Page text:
I’m always surprised when I see some of the more popular names out there.
Call me old fashioned, but I sort of liked it when people were named for other people who had actually lived, as opposed to made-up words or mashed-together combo names. Yeah, probably an old fuddy duddy about that one, but that’s the way I feel about it, dudes.
So maybe I’m not the person you dudes want looking at the trending baby names for last year. Although, it does have a nice nerd-tinge to the whole thing this time around.
I am a huge fan of George R.R. Martin’s book series, A Song of Fire and Ice, which was made into the HBO television series called Game of Thrones. Apparently I’m not alone.
Game of Thrones has become one of the most-watched shows, garnering amazing reviews from all over. And, also, it turns out, the show’s having a spectacular impact on what we name our kids. (If you’re curious as to how popular a name is in your neighborhood, go here. Lovely list, broken out by state, that shows a name’s popularity. The fact that Richard isn’t in the top 100 for North Carolina continues to baffle me.)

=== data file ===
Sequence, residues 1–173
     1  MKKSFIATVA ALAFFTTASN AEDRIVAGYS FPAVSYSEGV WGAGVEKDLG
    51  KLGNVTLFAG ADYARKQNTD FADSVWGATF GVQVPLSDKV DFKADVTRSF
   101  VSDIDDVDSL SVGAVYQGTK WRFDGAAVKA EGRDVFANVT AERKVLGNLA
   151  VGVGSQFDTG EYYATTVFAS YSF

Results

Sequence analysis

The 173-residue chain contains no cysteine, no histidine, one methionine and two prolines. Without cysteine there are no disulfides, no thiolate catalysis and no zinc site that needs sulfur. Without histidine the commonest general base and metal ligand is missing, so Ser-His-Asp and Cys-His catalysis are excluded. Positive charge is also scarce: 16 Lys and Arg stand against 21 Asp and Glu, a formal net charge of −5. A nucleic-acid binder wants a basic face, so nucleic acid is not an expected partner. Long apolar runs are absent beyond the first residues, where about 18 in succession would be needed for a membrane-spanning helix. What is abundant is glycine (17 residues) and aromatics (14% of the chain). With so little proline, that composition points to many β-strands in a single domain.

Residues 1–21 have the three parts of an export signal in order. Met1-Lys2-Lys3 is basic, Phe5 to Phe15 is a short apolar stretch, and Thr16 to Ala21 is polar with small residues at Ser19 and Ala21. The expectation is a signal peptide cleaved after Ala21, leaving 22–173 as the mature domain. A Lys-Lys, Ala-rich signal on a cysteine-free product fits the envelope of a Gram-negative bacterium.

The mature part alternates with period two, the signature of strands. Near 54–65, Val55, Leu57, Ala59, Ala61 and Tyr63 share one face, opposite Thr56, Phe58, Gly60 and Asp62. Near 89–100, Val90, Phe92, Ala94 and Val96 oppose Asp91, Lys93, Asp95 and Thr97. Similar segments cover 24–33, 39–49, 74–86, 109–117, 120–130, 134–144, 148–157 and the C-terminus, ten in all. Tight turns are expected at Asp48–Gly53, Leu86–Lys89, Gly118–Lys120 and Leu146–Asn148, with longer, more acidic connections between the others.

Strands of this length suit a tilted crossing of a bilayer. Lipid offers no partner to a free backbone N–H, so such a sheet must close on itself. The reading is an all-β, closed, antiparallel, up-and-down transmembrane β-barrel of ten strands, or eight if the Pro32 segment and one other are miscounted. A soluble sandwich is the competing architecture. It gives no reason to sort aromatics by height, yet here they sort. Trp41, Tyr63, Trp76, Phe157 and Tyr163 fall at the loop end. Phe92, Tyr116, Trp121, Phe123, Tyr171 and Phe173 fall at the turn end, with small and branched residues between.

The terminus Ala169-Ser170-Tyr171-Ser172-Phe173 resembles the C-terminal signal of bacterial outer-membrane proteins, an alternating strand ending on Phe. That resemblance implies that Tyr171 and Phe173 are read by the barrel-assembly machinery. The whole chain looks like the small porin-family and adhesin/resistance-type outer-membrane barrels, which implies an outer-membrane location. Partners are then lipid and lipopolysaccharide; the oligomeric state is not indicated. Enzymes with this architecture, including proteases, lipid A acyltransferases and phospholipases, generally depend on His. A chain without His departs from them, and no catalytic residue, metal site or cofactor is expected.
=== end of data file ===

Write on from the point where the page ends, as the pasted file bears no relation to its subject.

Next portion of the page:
Well, at least one of the characters is having that effect. According to the US Social Security Administration’s list of the most popular baby names for 2012, the fastest rising name for a girl was Arya. That name leapt from #711 in 2011, the first year the show aired, all the way up to #413 in 2012. The name first appeared on the top-1,000 list of names in 2010, when it clocked in at #942. Quite a big rise, really.
Although, with this name I can sort of understand the allure.
In the books and show, Arya is an exceedingly strong young lady, raised in a far wilderness as the daughter of nobility, who suffers unimaginable pain and horror, but continues struggling and kicking some major-league butt. I can only imagine how popular her name is going to be when the tv show begins covering some of the stuff she does in the later books.
I mean, you want your kids to be strong and to have good qualities. So, why not name them after someone who exhibits those very same qualities. It’s sort of the opposite of the reason why there have been no English kings named John since the last one, who signed the Magna Carta, and was generally horrible. Like why no Americans name their sons Benedict Arnold Smith, or whatever. Heck, I mean, you don’t see many Judases around, either.
It’s just I miss the good old days when you named a kid something that sounded good with your last name, that had absolutely no meaning behind it. You know, the boring times.